All of us bring a set of expectations to a new job, a special event, a church service, starting college as a freshman, eating at a new restaurant, going on vacation and all sorts of other experiences. It is part of what makes living exciting!
However, what typically happens to our expectations? Rarely are they exceeded; usually they are met or unfulfilled. I don’t say that because I am a cynic or have a negative attitude about life, it’s just true.
The same is true in relationships, especially in the home. When we are married, we have an idea of how we think it will work based on each person’s differing expectations. When we become parents we also have underlying expectations. This is not wrong, but we must realize that our expectations are limited to our experiences and knowledge.
When we expect a certain result and it doesn’t come to pass the longer we stay at the task it becomes a burden and drudgery. At some point, the disappointment becomes bitterness. This can happen as we serve people. We engage in ministry with a smorgasbord of expectations. When they are not met, the attitude of the one serving goes sour, there is no joy in helping, and at some point, the ministry will cease.
What kind of expectations do you have from your spouse? Your children? Your parents? Your brothers and sisters? Oh, they are there, even if you have never thought about it before. In fact, many of our conflicts are the result of our expectations not being fulfilled. The impact on the family is an emotional distancing from each other. Rather than the home being warm and close, it is cold and distant.
Here is a practical thought that will help you concerning your family as you serve them: a servant fulfills his duty faithfully without an expectation of being rewarded or praised. It is his duty to care for his responsibilities. It is nice to be recognized, but this cannot be our focus. It must be on the consistent discharge of our duties, not the response of the one being served.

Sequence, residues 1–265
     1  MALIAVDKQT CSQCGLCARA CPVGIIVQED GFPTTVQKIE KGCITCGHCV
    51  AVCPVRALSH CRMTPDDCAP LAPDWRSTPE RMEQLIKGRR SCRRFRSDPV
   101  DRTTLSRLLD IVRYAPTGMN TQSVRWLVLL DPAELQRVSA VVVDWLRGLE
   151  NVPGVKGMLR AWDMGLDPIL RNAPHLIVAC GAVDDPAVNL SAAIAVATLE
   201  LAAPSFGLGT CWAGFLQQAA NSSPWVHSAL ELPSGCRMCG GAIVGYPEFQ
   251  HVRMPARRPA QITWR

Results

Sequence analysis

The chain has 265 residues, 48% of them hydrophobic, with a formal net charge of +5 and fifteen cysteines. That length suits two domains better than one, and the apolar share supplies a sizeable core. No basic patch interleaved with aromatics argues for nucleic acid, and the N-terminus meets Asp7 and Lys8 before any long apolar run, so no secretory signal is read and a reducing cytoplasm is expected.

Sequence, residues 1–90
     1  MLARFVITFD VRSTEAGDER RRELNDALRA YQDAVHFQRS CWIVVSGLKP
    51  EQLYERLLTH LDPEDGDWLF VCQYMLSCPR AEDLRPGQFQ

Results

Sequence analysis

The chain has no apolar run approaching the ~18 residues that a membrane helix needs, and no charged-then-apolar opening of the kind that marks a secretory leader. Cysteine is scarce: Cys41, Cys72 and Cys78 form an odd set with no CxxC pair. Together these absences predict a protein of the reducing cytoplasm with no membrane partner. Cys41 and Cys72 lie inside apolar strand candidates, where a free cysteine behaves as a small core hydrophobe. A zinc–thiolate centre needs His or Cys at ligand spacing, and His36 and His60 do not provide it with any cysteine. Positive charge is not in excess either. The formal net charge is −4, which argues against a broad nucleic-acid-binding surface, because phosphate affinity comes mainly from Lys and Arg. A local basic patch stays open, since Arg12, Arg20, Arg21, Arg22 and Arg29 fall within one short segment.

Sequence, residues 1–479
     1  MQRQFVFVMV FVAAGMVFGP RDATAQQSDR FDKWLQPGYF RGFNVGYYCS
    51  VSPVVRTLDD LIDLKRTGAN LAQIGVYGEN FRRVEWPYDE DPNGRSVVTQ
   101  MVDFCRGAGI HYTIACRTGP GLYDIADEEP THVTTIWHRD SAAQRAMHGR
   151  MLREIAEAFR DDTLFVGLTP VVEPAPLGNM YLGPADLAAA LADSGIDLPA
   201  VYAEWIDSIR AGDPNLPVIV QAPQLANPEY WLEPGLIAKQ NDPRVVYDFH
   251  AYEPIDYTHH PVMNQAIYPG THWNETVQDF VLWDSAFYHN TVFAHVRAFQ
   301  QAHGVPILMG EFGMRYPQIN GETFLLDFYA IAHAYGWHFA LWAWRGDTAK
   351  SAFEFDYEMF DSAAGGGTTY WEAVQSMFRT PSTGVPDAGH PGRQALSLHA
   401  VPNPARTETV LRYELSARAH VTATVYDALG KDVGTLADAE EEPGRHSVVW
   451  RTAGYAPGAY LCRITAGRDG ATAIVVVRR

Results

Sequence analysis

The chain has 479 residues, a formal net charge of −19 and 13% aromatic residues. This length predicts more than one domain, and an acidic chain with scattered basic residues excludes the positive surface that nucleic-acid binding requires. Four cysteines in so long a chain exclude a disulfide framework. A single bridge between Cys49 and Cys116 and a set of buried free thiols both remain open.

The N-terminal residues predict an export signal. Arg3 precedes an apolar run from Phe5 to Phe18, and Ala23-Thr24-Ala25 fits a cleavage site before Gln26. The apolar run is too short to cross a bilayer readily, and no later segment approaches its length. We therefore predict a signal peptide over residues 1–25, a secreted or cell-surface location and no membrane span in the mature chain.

This attitude of being loyal to your responsibility rather than expecting praise or reward is taught in the Bible. Jesus gave a parable to illustrate this truth.
“But which of you, having a servant plowing or feeding cattle, will say unto him
by and by, when he is come from the field, Go and sit down to meat? And will not rather say unto him, Make ready wherewith I may sup, and gird thyself, and serve me, till I have eaten and drunken; and afterward thou shalt eat and drink? Doth he thank that servant because he did the things that were commanded him? I trow not. So likewise ye, when ye shall have done all those things which are commanded you, say, We are unprofitable servants: we have done that which was our duty to do.” (Luke 17:7-10) The word “trow” (:9) means to “come to a conclusion after careful thinking”.
Expectations can destroy relationships. First of all, they are usually skewed and unrealistic and, second, even when they are appropriate they will not always be met. It is impossible to do because we are sinners and will inevitably disappoint those around us.
Stop for a moment and think deeply on the next few sentences. What do you expect of your spouse? What do you expect of your parents? What do you expect of your children? What do you expect of your brothers and sisters? Are these expectations at the root of conflicts? Have you pulled away from them emotionally because of being disappointed?
Here is my point: whatever those expectations are, if they are not being met it will discourage you from serving your family. I want to encourage you to put the higher expectations on yourself. Guard your jurisdiction of tasks carefully by caring for them and let God work on those whom you serve.
One of the pieces of advice I give to couples in pre-marital counseling is this: don’t marry with the expectation that the other person will change. Of course, I do believe people can change, that is the nature of the gospel. However, you are not to be the agent of that change. You are not their “Holy Spirit”. It is God’s responsibility to work on their heart.
Immediately after Paula and I were married I had the privilege of serving full-time at a wonderful church as the Youth Pastor. About a year later we moved to a house literally just up the street from the church where I served and we attended services.
As a leader I had key responsibilities and needed to arrive early on Sunday mornings to prepare. I have always hated being late, but especially when I have responsibilities. Here is where God taught me a life-long lesson on handling unfulfilled expectations.